Note: This was originally written about a year ago as a way for me to simply sort out my thoughts on the matter. I had no intention then of publishing it to my blog, but after polishing it up a wee bit I've decided to make my rantings/musing public.
I don’t care for this term. It is far too vague and can be interpreted too many ways for me to find it helpful. I've found four possible definitions, in fact.
First: Is legislation either moral or immoral? Yes, and we need to
get our definition of ethics from a Biblical worldview. Should we
legislate immorality? Of course not! Is this the definition of
legislating morality? If so, then why would any Christian protest?
Second: Should we legislate something just because it is moral?
Should we make laws against everything which is immoral? No – this would
rapidly lead to an utterly tyrannical civil government.
This is where the issue of jurisdiction comes in. The civil
government should be viewed as the safety net of all governments
(family, self, church, etc) and is only to act when there is actually an
Take, for instance, the issue of drinking alcohol to the point of excess. Is it wise to go get drunk? Is it moral? Of course not! But if I were to injure no one but myself while inebriated, there is no reason for the civil government to step in and punish me for this lack of morality. Instead, such morality should be enforced by self-government, and actively encouraged by church and family governments.
Thus, morality is not the only basis to determine what legislation
ought to be passed by the civil government. Jurisdiction also MUST be a
determining factor if we are to be free.
As a side note, I find it interesting that, every form of human
government follows a pattern: the more people affected by it, the less
amount of jurisdiction it has.
Self-government is the most powerful, as God grants salvation on a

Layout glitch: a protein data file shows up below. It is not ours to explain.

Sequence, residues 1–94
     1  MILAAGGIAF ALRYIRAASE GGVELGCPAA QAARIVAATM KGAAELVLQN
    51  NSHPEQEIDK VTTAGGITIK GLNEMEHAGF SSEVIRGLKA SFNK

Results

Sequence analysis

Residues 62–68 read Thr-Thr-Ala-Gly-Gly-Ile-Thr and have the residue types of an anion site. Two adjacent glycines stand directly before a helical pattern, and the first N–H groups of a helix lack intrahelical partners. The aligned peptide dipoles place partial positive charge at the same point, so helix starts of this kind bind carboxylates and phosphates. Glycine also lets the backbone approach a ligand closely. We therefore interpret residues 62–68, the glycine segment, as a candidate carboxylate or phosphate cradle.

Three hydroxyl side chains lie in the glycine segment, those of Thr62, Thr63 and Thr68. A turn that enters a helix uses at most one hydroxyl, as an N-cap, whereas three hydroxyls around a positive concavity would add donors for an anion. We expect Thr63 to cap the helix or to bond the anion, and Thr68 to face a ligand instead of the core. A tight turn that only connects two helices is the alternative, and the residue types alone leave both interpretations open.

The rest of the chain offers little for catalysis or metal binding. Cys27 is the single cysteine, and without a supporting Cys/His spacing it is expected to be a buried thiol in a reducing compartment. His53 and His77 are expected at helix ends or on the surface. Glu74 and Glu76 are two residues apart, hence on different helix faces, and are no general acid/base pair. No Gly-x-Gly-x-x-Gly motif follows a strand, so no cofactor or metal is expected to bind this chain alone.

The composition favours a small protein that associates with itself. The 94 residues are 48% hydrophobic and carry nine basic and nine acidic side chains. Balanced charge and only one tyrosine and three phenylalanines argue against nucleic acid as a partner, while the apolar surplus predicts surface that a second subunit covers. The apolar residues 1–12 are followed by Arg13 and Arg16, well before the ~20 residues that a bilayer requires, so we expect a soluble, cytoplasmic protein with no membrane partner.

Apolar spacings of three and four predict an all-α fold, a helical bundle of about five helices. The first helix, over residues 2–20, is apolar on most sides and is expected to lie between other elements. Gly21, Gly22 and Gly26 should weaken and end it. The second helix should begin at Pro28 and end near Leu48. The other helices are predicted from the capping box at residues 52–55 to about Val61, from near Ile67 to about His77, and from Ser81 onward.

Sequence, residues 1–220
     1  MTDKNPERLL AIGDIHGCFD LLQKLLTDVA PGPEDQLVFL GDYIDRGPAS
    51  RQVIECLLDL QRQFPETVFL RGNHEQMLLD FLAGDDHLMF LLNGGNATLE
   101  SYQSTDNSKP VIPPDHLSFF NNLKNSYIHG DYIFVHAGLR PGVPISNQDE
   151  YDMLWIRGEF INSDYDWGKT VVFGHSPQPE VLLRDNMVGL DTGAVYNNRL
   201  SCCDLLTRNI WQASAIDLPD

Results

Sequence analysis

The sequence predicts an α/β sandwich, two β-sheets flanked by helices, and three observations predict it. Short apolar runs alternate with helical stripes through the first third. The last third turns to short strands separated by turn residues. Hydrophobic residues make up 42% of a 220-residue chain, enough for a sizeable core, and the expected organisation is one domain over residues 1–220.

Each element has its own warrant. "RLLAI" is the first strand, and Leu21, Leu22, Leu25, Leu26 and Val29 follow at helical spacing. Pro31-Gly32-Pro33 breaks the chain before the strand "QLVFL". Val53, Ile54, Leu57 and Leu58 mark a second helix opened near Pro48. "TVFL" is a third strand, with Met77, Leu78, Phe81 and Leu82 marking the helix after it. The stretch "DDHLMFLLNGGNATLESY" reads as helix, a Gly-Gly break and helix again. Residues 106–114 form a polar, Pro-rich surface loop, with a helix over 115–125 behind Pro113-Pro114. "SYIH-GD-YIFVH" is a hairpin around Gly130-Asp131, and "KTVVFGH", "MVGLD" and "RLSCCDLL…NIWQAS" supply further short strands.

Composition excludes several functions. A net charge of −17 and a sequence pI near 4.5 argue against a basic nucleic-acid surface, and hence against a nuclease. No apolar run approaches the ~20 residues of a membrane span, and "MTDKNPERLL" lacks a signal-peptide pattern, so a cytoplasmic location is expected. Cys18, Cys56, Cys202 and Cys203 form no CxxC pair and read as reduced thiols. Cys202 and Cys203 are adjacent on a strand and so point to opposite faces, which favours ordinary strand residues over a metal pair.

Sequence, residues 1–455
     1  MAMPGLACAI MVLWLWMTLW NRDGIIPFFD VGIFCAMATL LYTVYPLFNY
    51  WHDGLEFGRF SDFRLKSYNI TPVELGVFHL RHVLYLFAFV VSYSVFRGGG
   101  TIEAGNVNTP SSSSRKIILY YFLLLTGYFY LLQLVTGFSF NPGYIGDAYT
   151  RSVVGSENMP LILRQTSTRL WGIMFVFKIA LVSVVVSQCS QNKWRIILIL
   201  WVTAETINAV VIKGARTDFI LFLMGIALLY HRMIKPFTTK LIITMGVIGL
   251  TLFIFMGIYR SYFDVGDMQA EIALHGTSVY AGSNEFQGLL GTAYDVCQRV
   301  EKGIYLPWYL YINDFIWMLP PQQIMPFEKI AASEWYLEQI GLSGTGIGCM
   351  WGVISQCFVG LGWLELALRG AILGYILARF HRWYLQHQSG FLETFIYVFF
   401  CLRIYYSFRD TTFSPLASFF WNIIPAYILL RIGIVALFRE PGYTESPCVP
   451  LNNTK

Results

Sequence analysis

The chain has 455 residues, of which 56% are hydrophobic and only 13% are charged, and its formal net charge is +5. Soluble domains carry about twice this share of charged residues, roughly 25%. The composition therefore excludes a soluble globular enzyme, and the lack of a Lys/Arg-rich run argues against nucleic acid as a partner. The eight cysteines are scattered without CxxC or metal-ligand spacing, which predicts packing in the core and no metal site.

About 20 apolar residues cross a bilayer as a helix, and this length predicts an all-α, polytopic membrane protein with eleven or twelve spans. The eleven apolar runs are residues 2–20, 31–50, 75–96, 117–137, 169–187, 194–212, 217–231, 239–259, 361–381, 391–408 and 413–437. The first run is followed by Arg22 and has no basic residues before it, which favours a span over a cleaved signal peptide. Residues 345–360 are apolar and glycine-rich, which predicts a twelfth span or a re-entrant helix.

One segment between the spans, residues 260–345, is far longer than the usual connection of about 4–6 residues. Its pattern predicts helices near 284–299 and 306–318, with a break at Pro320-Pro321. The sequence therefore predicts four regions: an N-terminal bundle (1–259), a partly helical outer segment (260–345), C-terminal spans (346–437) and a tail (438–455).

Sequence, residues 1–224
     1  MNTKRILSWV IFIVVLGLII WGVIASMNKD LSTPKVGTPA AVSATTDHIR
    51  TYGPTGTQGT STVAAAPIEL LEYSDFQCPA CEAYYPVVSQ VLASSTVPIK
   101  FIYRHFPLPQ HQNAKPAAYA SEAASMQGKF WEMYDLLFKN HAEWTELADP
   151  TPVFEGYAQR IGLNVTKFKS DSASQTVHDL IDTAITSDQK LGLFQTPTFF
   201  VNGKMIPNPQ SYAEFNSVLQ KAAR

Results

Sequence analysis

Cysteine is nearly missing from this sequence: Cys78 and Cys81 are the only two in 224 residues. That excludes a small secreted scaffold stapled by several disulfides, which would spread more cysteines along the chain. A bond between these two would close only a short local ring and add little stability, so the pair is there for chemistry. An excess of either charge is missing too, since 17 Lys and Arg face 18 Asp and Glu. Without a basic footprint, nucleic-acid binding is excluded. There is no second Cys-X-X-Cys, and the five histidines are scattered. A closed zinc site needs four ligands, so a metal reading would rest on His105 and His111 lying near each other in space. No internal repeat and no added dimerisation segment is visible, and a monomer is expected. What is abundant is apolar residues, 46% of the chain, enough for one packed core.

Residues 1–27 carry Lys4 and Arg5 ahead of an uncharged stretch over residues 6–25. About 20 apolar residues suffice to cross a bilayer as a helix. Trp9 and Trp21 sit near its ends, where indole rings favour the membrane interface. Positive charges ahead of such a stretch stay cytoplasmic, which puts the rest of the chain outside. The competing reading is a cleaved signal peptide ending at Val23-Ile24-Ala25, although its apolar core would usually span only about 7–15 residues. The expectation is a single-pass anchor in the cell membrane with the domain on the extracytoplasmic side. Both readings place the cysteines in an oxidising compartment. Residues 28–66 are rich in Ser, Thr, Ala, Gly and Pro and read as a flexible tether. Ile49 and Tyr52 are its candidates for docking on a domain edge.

person by person basis (the names written in the book of life are not
family names, nor are they town or country names.), and we are all to
answer indiviudally to God on judgement day.
Family government is next, as parents have the ability to control
almost every aspect of their children’s lives up until their adulthood,
and it is the responsibilty of the parents to bring their children up
in the fear and admonission of the LORD.
Then comes the governance of the (local) church, which instructs,
guides, encourages and disciplines obvious and ongoing sins in the
various families which make it up.
The various forms of civil government – town, county, state, and federal – also follow this same pattern.
God is the only governing authority with unlimited jurisdiction and power.
Third: Does legislation define morality? Is something which is
technically illegal necessarily immoral? Absolutely not. The Ten Boom
family was violating Nazi law when they saved Jewish lives, yet their
doing so was not in any way immoral, and was the correct course of
action for them to take in every way.
God is the only one to ultimately determine what is right or wrong,
and if we say that any other government determines morality through
their decisions, we are guilty of attempting to usurp God’s role in the
universe. This is why Hitler’s regime was wrong, even though it was
Fourth: Furthermore, should we seek to change society’s view of
morality (be it a correct or false view) through civil legislation? Is
this the job of civil government? No. The gospel is the only way to
truly redeem people – civil government can never save us, and must stick
to its God-given role — that of defending life and liberty from those
who seek to harm them.
History shows us that state-established religion leads to chaos,
corruption, and confusion in both the church and the culture. Whether we
look at Constantine’s establishing Christianity as state religion and
the rash of false conversions which followed, or the Church of England,
which answers to the king before the Bible, there is no good which comes
of this muddling of rulers. All governments are answerable to God, but
they are not to usurp each others roles and “force” them to do what is
When Joshua was to lead the Israelites into the land of Canaan, he was
ordered by God to destroy the Canaanites and their property.
Now, Biblical scholars and Christians have for centuries stated that
the only proper use of force and war is in self-defense. We do not
attack countries without provocation, neither do we attack them merely
because they are attacking another (who appointed us to be police of the
world?). Rather, we are only to keep ourselves safe from harm.
The Israelites conquest of Canaan, however, was really not one of
self-defense. They were entitled to the land, it is true, but it is
likely that the Canaanites who originally settled there we unaware of
God’s promise to Abraham, and indeed, they may have even been there